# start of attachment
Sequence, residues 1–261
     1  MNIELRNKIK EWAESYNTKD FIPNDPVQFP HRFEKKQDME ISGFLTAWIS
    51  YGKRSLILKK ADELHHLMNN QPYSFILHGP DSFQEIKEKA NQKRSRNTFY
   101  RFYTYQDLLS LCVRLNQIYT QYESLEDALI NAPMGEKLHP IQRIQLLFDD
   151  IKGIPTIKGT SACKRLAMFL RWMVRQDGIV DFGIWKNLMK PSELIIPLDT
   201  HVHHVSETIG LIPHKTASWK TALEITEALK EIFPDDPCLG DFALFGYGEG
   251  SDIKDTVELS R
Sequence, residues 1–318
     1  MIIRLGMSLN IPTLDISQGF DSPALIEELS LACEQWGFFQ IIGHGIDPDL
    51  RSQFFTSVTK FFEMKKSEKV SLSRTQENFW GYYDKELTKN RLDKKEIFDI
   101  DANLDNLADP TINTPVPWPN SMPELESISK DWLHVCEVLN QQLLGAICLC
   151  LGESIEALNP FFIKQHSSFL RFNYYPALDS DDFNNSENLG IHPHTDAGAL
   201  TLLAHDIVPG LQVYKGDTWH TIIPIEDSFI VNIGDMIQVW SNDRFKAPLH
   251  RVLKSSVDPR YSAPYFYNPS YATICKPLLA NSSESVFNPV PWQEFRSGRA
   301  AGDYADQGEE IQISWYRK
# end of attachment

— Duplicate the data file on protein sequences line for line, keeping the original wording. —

Sequence, residues 1–261
     1  MNIELRNKIK EWAESYNTKD FIPNDPVQFP HRFEKKQDME ISGFLTAWIS
    51  YGKRSLILKK ADELHHLMNN QPYSFILHGP DSFQEIKEKA NQKRSRNTFY
   101  RFYTYQDLLS LCVRLNQIYT QYESLEDALI NAPMGEKLHP IQRIQLLFDD
   151  IKGIPTIKGT SACKRLAMFL RWMVRQDGIV DFGIWKNLMK PSELIIPLDT
   201  HVHHVSETIG LIPHKTASWK TALEITEALK EIFPDDPCLG DFALFGYGEG
   251  SDIKDTVELS R
Sequence, residues 1–318
     1  MIIRLGMSLN IPTLDISQGF DSPALIEELS LACEQWGFFQ IIGHGIDPDL
    51  RSQFFTSVTK FFEMKKSEKV SLSRTQENFW GYYDKELTKN RLDKKEIFDI
   101  DANLDNLADP TINTPVPWPN SMPELESISK DWLHVCEVLN QQLLGAICLC
   151  LGESIEALNP FFIKQHSSFL RFNYYPALDS DDFNNSENLG IHPHTDAGAL
   201  TLLAHDIVPG LQVYKGDTWH TIIPIEDSFI VNIGDMIQVW SNDRFKAPLH
   251  RVLKSSVDPR YSAPYFYNPS YATICKPLLA NSSESVFNPV PWQEFRSGRA
   301  AGDYADQGEE IQISWYRK